BOSTON/WASHINGTON Dec 3 (Reuters) - Are proxy advisory firms giving mutual funds too much help with their homework?
That question is due for airing at a event in Washington on Thursday focused on the role of proxy advisers like Institutional Shareholder Services and Glass, Lewis & Co. that help funds decide how to vote at corporate annual meetings.
The U.S. Securities and Exchange Commission could ultimately use points raised by industry critics and other participants at the session to set new rules - such as disclosure requirements - on the proxy advisers. The agency is hosting the session, billing it as a roundtable discussion with leaders of the advisers, fund firms, companies and academics.
With contentious proxy battles becoming more common, skeptics have zeroed in on the role of mutual funds and other clients of the proxy advisers. Critics, some aligned with business groups like the U.S. Chamber of Commerce, say they worry that big investors have effectively outsourced their voting to the advisers to save money without concern for companies’ best interests.
It is a sore point for mutual fund firms, especially smaller ones with less staff to evaluate voting at the thousands of companies whose stocks they own.
The funds’ costs could rise, depending on what new rules emerge, said Jill Fisch, a University of Pennsylvania law professor. The current system, she said, “is an incredibly low-cost way of collecting a huge amount of information for many large institutional investors. The alternatives are likely to be less efficient and more expensive.”
One debate is how many strings the proxy advisers pull. Fund companies such as Dimensional Fund Advisors, Invesco Ltd and Wells Fargo & Co’s asset management arm voted as much as 99 percent of the time with the proxy advisers on executive pay questions, a study led by Stanford University professor David Larcker recently found.
But another recent paper, published in the Harvard Business Law Review by Penn’s Fisch and others, found voting by big fund firms like Fidelity differed “substantially” from ISS on director elections. The authors wrote that “more funds seem to blindly follow management recommendations than blindly follow ISS.”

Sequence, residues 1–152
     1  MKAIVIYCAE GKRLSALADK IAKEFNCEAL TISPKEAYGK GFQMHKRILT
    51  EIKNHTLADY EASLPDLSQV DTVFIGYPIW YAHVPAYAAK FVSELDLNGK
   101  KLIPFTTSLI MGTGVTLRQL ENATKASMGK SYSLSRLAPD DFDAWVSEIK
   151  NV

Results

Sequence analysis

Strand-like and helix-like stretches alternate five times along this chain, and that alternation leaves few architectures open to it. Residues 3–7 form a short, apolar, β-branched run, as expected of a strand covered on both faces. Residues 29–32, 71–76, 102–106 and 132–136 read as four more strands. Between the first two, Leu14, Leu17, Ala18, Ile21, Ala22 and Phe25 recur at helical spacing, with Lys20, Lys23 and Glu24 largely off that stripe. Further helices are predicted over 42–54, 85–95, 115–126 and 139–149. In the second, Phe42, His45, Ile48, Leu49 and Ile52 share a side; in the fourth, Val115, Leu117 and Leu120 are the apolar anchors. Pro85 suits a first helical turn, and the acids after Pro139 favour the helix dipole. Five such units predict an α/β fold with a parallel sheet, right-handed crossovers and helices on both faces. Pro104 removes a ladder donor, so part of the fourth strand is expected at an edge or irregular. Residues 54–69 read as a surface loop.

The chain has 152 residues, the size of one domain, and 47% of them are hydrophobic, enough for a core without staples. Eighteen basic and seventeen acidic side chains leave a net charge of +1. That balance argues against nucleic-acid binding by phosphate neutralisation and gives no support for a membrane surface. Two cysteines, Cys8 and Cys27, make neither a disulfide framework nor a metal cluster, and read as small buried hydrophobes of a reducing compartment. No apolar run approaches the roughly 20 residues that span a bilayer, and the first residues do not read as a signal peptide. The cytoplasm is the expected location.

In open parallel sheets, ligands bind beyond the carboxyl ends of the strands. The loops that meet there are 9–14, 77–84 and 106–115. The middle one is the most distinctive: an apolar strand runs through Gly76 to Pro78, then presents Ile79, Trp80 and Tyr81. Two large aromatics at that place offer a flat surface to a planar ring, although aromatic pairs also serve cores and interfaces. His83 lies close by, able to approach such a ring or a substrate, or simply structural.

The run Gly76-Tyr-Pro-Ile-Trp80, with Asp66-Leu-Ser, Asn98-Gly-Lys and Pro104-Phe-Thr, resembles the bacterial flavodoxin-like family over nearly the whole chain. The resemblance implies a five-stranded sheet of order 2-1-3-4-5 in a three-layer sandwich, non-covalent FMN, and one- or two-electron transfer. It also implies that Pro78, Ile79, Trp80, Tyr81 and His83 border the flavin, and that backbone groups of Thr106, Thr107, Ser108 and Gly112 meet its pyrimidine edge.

Representatives for Dimensional, Wells Fargo, Fidelity and other fund firms did not make executives available to comment. Invesco said in a statement that its investment teams treat proxy adviser research “as one of many research tools in determining how to vote a proxy.”
The focus on funds marks a new twist after years of complaints about proxy advisers, often from businesses that are the target of negative vote recommendations, such as on executive pay or director elections.
SEC Commissioner Daniel Gallagher warned in July that the SEC had created a regulatory environment that has allowed investment advisers to adopt a mindset in which they blindly vote in line with proxy adviser recommendations.
Gallagher, a Republican, said in the speech that he has “grave concerns as to whether investment advisers are indeed truly fulfilling their fiduciary duties when they rely on and follow recommendations from proxy advisory firms.”
Speaking at a corporate-governance conference on Tuesday, Gallagher also acknowledged differences between larger and smaller fund firms when it comes to proxy voting. One solution might be to revise rules that now compel smaller firms to cast votes.
“Why are we making everyone vote on every vote?” he asked.
Another critic has been Nasdaq OMX Group General Counsel Edward Knight. He said this fall that the proxy advisers “exert outsized influence from the shadows.”
Speakers at Thursday’s SEC event will include executives from BlackRock Inc., and Charles Schwab Corp.
The SEC has done little in the area since a report in 2010 that noted how proxy advisers face potential conflicts such as when they provide both voting recommendations and consulting services to corporations seeking help with proposals. Another complaint is that the firms say too little on how they decide their voting recommendations.
The SEC sought public opinions on solutions it outlined - but did not act upon - in the 2010 report, such as regulating proxy advisers like credit-rating agencies, or having them disclose more about how they handle complaints.
It is not clear if the five-member SEC will take any action. Speaking to reporters on Tuesday at the conference where Gallagher appeared, SEC Chair Mary Jo White did not take a position on the proxy advisers and said Thursday’s event will help in “identifying what the problems are and whether further market or regulatory responses are needed and if so, what the responses should be.”
The advisers have defended their records. K.T. Rabin, chief executive of closely held Glass Lewis, said similarities between how investors vote and her company’s recommendations only show their similar concerns. Top asset managers, “despite what some misguided academics suggest, are not shirking their fiduciary responsibilities,” she said via e-mail.
In an e-mailed statement, ISS said it helps clients make sense of governance issues that are “voluminous and complex, and ISS works hard to ensure that clients have all the tools they need to make informed voting decisions.” ISS of Rockville, Maryland, is a unit of MSCI Inc but is up for sale
Proxy adviser clients also include hedge funds and endowments, but mutual fund firms get the most heat because their voting records are public.
Jack Zwingli, CEO of Incentive Lab LLC, a Scottsdale, Arizona, compensation analysis firm, said one outcome could be that big investors would have to buy research from multiple proxy advisers - expenses that would hit smaller firms harder.
“It would be painful for them,” Zwingli said.